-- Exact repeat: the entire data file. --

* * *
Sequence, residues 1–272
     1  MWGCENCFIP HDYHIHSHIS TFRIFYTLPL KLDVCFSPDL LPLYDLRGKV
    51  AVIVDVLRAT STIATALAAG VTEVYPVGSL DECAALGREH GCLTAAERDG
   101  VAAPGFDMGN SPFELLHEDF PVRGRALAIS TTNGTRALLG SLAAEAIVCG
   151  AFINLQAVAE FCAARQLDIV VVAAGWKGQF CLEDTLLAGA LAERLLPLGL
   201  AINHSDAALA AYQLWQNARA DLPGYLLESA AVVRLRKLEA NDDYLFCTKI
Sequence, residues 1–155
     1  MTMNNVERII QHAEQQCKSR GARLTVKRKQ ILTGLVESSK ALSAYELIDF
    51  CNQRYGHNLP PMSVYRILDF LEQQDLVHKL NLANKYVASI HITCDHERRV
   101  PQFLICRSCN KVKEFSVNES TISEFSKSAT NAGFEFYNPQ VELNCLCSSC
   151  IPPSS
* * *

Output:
Sequence, residues 1–272
     1  MWGCENCFIP HDYHIHSHIS TFRIFYTLPL KLDVCFSPDL LPLYDLRGKV
    51  AVIVDVLRAT STIATALAAG VTEVYPVGSL DECAALGREH GCLTAAERDG
   101  VAAPGFDMGN SPFELLHEDF PVRGRALAIS TTNGTRALLG SLAAEAIVCG
   151  AFINLQAVAE FCAARQLDIV VVAAGWKGQF CLEDTLLAGA LAERLLPLGL
   201  AINHSDAALA AYQLWQNARA DLPGYLLESA AVVRLRKLEA NDDYLFCTKI
Sequence, residues 1–155
     1  MTMNNVERII QHAEQQCKSR GARLTVKRKQ ILTGLVESSK ALSAYELIDF
    51  CNQRYGHNLP PMSVYRILDF LEQQDLVHKL NLANKYVASI HITCDHERRV
   101  PQFLICRSCN KVKEFSVNES TISEFSKSAT NAGFEFYNPQ VELNCLCSSC
   151  IPPSS